The Philippines has a comprehensive banking system encompassing large international banks, national banking institutions and small rural banks. Expats therefore have a variety of options when it comes to managing their finances in the Philippines.

Money in the Philippines

The official currency in the Philippines is the Philippine Peso (PHP). One peso is equal to 100 centavos. 

  • Notes: 20, 50, 100, 200, 500 and 1,000 PHP 

  • Coins: 10, 5 and 1 PHP, and 25, 10, 5 and 1 sentimo. 

Various banks, hotels and authorised foreign exchange dealers provide peso exchange for most foreign currencies.

Banking in the Philippines

There are many banks in the Philippines for expats to choose from. Major local banks include Philippine National Bank, Metrobank and Bank of the Philippine Islands. International banks such as Citibank, Bank of America, Standard Chartered Bank and HSBC also have branches in the Philippines. Many expats living in the Philippines choose to bank with an international bank, which makes it easier for foreign money transfers back home.

Internet banking facilities are available through most major banks. Banking hours in the Philippines are usually from 9am to 3pm, Monday to Friday. Banks are closed on Saturdays, Sundays and public holidays.

Expats should be wary of banking with small rural banks. These banks cater for the rural communities of farmers and local merchants, offer limited services and are subject to closure at short notice; the security of an expat's money is therefore not guaranteed if banking with one of these organisations.

Opening a bank account

To open a local bank account in the Philippines, expats must personally visit the bank of their choice to verify their details. Expats need to present two valid forms of ID, one of which should be their passport. They are also required to immediately deposit funds into the account.

Expats wishing to open an account will also need to provide bank references from their country of permanent residence or country of citizenship. The Philippine bank will then either write to these bank references to inquire about the status and handling of the foreigner’s account, or require the foreigner to submit written certification from their own bank abroad. The branch officer will then confirm any certification submitted by the foreigner.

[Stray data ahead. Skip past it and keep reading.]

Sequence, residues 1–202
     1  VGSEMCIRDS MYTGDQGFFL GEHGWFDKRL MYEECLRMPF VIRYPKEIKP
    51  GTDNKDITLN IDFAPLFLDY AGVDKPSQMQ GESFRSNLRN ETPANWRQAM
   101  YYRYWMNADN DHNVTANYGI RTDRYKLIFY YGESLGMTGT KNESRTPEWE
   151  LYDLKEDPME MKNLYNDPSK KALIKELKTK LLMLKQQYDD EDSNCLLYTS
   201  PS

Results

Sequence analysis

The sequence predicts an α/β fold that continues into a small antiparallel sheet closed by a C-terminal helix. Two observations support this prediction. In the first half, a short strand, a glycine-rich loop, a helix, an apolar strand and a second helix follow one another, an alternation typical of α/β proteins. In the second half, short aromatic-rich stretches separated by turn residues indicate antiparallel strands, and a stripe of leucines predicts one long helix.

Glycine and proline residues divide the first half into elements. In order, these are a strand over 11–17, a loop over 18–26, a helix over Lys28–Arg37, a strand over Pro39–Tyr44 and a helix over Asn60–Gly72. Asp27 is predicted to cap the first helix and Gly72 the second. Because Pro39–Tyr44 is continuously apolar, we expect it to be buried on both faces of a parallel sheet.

For walk-in foreigners (those who are not introduced by existing clients or employees of the bank), the account will not be opened until confirmation of bank reference has been done. Expats who were referred either by a bank employee or client can immediately open their account, but the checking of the bank reference will still be done.

ATMs and credit cards

ATMs are widely available in cities and larger towns in the Philippines. ATMs are mostly located behind security doors in shopping centres and at bank branches. 

Credit cards are accepted at major hotels, resorts, shops and restaurants across the Philippines, although cash is preferred in more remote destinations. Credit card fraud in the Philippines is an ongoing problem and expats should use credit and debit cards with caution, such as only using it in reputable establishments and never letting the card out of sight during transactions.

Taxes in the Philippines

An individual’s tax liability in the Philippines is determined by their classification as a tax payer. Categories include:

Resident citizen

Non-resident citizen

Resident alien

Non-residents alien engaged in trade or business

Non-resident alien not engaged in trade or business

Resident citizens are taxed on all income derived from worldwide sources, whereas the other categories are taxed only on their local income.

Income is taxed progressively from 5 to 32 percent for resident citizens, non-resident citizens, resident aliens and non-resident aliens engaged in trade or business. Non-resident aliens not engaged in trade or business are subject to tax at 25 percent of their gross income.

The tax year in the Philippines runs from 1 January to 31 December, and tax returns are usually due by 15 April of the following year. 

Expats should research whether the Philippines has a taxation treaty with their home country in order to avoid double taxation.

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